Healthy, Wealthy, and Wise: Living Ethically in the Light of the Bible
John 19:1-7; Revelation 13:11-18; Job 38:22-41; Amos 5-6
The first half of Amos 5 is a lament, or dirge. These songs were written to mourn someone’s death or, as here, to mourn the impending fall of a nation. The song follows a typical poetic structure where themes are repeated in reverse order. Thus, it begins and ends with the general lament (vv. 1-3 and 16-17), calls to seek God and live (vv. 4-6 and 14-15), accusations of injustice (vv. 7 and 10-13) and a hymn to God (vv. 8-9). The lamentation is for Virgin Israel, capturing the tragedy of the situation. A young woman has her whole life before her, yet here she falls and has no one to help her up. This song was written when Israel was a strong military nation. The people were confident in themselves. But they had deserted God and his ethical values. Their courts were not just, they rejected truth, oppressed the poor and accepted bribes. God sees all this, and will bring their power and wealth to an end.
We may at times look at our world and see something similar. The news is filled with reports of injustices around the world. Such immorality is not just an issue with tyrannical governments, corrupt politicians, or profit-at-any-cost corporations. The problem lies closer to home, within the human heart. The latest scandal in Ireland is that highly paid executives with voluntary organisations have been receiving additional payments. The money for these ‘top-ups’ has been diverted from donations given specifically for the care of children and patients. Those most in need have been deprived of basic care to allow the wealthy to maintain their comforts. Little has changed since Amos prophesied. As a result, people have become sceptical about giving to any organisation, further reducing what is available to help those in need.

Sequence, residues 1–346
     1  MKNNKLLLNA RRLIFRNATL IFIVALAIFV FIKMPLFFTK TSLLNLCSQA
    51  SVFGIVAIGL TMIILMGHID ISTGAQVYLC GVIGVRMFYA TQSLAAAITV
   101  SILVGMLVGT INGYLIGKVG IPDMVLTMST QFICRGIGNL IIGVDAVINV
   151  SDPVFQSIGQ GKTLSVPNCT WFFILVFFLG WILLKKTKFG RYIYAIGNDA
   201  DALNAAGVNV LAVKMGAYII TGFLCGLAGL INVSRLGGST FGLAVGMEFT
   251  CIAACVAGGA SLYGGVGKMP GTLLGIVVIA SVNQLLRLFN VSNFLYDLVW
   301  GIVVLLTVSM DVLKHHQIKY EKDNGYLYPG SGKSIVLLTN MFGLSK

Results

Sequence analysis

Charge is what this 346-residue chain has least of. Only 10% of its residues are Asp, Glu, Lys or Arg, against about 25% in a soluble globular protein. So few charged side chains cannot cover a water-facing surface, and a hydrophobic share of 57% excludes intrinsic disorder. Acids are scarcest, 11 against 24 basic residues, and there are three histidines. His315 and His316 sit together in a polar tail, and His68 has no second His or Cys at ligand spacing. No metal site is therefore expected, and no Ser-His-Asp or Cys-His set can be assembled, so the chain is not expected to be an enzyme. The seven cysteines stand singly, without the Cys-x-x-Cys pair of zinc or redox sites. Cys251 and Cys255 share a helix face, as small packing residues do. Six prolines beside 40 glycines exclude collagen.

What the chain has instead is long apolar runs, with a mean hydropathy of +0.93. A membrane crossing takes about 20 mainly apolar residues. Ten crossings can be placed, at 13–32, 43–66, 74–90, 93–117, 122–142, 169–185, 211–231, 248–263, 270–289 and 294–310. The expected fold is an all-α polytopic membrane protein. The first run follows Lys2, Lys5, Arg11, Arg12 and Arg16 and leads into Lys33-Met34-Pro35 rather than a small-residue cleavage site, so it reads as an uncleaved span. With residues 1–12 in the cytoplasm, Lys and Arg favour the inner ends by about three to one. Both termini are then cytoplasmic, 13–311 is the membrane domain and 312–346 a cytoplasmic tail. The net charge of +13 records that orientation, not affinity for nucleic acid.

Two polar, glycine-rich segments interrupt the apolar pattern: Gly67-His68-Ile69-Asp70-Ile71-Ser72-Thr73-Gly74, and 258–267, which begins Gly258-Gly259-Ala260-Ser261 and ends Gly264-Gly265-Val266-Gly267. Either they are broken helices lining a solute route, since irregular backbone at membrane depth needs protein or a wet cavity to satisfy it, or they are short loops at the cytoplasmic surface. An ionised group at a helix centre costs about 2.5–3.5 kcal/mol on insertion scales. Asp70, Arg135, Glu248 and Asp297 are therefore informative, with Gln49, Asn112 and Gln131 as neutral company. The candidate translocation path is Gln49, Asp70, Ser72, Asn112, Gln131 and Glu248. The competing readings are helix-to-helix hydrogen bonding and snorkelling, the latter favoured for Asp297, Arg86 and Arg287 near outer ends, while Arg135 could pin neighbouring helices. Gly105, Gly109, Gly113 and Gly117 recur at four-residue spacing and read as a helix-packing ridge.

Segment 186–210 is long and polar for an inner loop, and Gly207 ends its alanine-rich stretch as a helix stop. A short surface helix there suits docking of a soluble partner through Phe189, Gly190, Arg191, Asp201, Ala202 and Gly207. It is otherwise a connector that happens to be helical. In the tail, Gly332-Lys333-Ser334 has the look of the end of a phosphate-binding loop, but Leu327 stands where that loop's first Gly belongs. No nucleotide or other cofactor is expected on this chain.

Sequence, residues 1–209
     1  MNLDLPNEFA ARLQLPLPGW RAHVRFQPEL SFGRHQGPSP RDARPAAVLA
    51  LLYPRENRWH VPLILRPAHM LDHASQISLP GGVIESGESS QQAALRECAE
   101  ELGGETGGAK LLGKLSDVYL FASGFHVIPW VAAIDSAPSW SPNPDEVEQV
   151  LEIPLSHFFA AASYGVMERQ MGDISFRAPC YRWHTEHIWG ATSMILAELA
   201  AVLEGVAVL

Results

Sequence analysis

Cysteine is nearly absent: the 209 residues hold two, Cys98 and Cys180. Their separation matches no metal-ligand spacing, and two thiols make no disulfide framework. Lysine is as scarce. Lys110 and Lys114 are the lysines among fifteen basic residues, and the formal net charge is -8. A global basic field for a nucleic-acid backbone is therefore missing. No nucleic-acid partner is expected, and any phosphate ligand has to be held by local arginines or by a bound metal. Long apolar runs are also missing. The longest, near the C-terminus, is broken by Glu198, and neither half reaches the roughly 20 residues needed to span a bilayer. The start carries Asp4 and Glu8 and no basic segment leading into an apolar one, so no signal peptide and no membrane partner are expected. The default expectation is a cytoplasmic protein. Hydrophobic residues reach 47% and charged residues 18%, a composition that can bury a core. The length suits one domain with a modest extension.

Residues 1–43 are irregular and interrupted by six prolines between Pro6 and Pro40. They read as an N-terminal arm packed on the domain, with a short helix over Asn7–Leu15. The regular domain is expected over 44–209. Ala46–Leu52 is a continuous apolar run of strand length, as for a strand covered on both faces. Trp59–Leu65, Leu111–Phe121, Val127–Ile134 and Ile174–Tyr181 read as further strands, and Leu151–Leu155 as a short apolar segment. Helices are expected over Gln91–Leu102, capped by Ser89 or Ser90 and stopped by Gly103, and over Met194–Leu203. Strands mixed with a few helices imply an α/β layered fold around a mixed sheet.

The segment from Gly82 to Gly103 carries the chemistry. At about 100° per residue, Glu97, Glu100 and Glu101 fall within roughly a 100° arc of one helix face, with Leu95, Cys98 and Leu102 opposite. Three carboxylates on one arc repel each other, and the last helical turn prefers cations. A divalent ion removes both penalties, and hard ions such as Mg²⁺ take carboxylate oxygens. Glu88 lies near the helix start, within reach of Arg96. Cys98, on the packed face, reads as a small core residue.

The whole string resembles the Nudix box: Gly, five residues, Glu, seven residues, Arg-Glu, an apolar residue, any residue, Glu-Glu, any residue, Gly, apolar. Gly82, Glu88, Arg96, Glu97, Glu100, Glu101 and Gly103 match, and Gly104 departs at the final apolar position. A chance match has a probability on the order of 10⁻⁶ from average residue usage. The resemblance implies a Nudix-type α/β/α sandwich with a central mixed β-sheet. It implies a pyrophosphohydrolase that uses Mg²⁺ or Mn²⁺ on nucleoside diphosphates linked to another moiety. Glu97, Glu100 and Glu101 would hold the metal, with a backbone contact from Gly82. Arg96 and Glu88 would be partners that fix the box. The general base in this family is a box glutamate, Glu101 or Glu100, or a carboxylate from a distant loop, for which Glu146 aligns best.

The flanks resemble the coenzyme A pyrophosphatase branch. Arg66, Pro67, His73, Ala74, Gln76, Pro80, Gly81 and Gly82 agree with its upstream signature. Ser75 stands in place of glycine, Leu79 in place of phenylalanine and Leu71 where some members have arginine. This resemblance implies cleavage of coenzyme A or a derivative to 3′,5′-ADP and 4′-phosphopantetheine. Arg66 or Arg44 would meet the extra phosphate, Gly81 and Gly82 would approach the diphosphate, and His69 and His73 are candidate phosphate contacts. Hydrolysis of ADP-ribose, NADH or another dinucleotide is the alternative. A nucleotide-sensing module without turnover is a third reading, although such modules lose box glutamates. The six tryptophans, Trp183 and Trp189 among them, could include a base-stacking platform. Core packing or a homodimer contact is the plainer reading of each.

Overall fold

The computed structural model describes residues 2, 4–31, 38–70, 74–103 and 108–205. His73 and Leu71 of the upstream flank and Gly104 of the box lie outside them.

How then would Amos have us respond? We could live our lives quietly, looking out for ourselves and our own families. Such complacency leads to false security (6:1). The pinnacle of Amos’s lament is when he focuses on God (5:8-9). Pleiades and Orion are constellations in the night sky that pagan astrologers worshipped. Job 38:31 likewise reflects on how God made these constellations and all of Nature. It is futile to depend on them or any other created thing, including ourselves, when we can depend on their Creator.
Our response to human injustice should be to seek the Lord of Justice. We will not find him in external rituals, songs, and offerings (5:21-23). Instead, we find him relationally. Just as we would build a friendship with someone else, we get to know God personally by spending time with him and talking to him. We get involved in pursuing common interests. We learn from God’s Word what he values: doing good and promoting justice. As we do likewise while seeking him, we will find him (v. 14) and we will find true living (vv. 4, 6, 14). We may or may not find mercy and relief (v. 15). But what more could we ask for if we get to know the one who made the stars in the heavens and the seas around us? In this way, living ethically flows from knowing God and pursuing life with him.
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